Panasonic SDR-H60 Camcorder Review
Panasonic SDR-H60 Camcorder Review
Video Performance* (3.0)*
The Panasonic SDR-H60 comes equipped with a basic standard definition low-end imaging system – a 1/6-inch CCD with a 800,000 gross pixel resolution. The effective pixel count when shooting 16:9 widescreen, the effective pixel count is 380,000; in 4:3 aspect ration, the effective pixel count is 290,000). You shouldn't expect much from specs like these, but specs sheets never tell the full story. A camcorder's processing is a major factor, so let's look at how the SDR-H60 performed.
Panasonic SDR-H60 at 3000 lux
In our standard lab testing, we shoot a DSC Labs Chroma DuMonde color chart at an even 3000 lux. If you want the sharpest camcorder in this price range, the SDR-H60 is not the one for you. There was a lot of noise, even in this bright light. However, the color performance was quite good, with vivid, even tones that were not too under or over-saturated.
By comparison, the Panasonic SDR-H200, the step-up from the H60, has three CCD sensors, each the same size as the 1/6-inch chip in the H60, but with a higher effective pixel count. The SDR-H200 produced a sharper image with less noise. The colors are slightly muted compared to the H60, but more accurate. The sharpness is important, because the general fuzziness of the H60 caused it to lose a lot of fine detail.
The Canon FS11 and FS100 produced less color saturation and less noise. The Sony DCR-SR85 was the weakest performer in this test, producing an image with uneven color tones and blotches of blue noise – the color accuracy of the SR85 scored poorly in our low light testing.
Out of the lab, the Panasonic produced the least saturated colors. There was also a tendency to warm the image, producing a redder tone than the Sony DCR-SR85 or JVC GZ-MG330. Overall, the biggest thing we noticed was the lack of difference in outdoor shooting. All three of these camcorders produced a decent, standard definition image. In our low light testing, we saw much larger differences, with the JVC GZ-MG330 and Canon FS11 shooting ahead of the pack.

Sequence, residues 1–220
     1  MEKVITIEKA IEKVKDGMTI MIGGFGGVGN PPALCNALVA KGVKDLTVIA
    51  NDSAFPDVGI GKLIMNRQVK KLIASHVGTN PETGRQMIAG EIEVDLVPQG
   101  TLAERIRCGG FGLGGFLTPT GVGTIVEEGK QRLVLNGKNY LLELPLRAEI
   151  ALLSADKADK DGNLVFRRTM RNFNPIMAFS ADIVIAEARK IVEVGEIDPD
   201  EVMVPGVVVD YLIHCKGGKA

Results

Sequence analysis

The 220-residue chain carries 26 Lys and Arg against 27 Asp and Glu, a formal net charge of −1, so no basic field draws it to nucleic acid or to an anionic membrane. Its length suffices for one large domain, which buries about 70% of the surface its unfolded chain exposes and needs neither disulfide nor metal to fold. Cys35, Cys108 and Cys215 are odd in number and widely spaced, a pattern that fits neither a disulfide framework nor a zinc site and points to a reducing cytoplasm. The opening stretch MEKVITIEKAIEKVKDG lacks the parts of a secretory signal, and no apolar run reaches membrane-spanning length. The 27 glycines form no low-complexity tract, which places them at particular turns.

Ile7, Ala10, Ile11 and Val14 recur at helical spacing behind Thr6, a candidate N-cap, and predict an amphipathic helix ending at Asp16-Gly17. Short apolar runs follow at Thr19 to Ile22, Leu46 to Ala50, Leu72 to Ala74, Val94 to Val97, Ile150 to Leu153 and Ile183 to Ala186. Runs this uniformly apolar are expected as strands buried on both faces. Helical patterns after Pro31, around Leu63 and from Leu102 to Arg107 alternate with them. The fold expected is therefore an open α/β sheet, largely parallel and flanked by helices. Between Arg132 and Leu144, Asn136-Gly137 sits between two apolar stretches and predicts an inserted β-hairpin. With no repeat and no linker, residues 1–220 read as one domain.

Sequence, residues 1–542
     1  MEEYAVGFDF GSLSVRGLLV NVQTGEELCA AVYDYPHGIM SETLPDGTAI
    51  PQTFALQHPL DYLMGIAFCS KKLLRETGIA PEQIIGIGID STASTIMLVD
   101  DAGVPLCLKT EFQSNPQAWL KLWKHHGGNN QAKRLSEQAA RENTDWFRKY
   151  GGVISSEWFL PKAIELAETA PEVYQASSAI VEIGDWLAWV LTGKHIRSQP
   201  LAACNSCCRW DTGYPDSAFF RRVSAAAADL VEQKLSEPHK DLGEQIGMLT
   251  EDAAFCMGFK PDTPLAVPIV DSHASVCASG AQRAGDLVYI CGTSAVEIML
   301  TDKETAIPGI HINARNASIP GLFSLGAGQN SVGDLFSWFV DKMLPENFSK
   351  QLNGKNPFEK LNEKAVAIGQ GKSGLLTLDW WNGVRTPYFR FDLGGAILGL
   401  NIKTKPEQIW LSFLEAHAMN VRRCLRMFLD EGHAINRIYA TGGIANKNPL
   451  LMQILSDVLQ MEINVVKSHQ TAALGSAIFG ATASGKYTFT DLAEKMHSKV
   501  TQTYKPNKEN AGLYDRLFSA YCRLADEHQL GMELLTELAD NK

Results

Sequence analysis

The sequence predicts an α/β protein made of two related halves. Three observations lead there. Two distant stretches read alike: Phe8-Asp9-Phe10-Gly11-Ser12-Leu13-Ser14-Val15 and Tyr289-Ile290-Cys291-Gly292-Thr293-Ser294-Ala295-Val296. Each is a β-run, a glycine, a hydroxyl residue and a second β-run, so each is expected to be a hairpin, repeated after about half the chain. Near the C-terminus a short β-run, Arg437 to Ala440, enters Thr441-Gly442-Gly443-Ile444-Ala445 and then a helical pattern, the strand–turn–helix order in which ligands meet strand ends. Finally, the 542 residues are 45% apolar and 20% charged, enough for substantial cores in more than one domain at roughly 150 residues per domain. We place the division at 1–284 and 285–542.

*...and at 100-percent
|...and at 100-percent|
|...and at 100-percent|
Overall, the video performance of the Panasonic SDR-H60 is acceptable, but it won't wow anybody.
Video Resolution* (4.47)*
The video resolution of the Panasonic SDR-H60 was tested by shooting a DSC labs video resolution chart at an even, bright light. The footage is then played back on a monitor for analysis. Ultimately, we found the Panasonic SDR-H60 to produce a horizontal resolution of 325 line widths per picture height (lw/ph), and a vertical resolution of 275 lw/ph. This is about average for a camcorder in this price range.
Low Light Performance* (2.18)*
The low light performance of the Panasonic SDR-H60 was tested in three stages: comparative analysis, sensitivity, and noise/color accuracy. First, let's look at how it stacked up against the competition. We shoot a DSC Labs Chroma DuMonde color chart at an even 60 lux and 15 lux. At 60 lux, the SDR-H60 lost a great deal of color information when compared to its bright light performance. The fuzziness that we had a problem with in bright light got a lot worse, and fine detail retention was poor.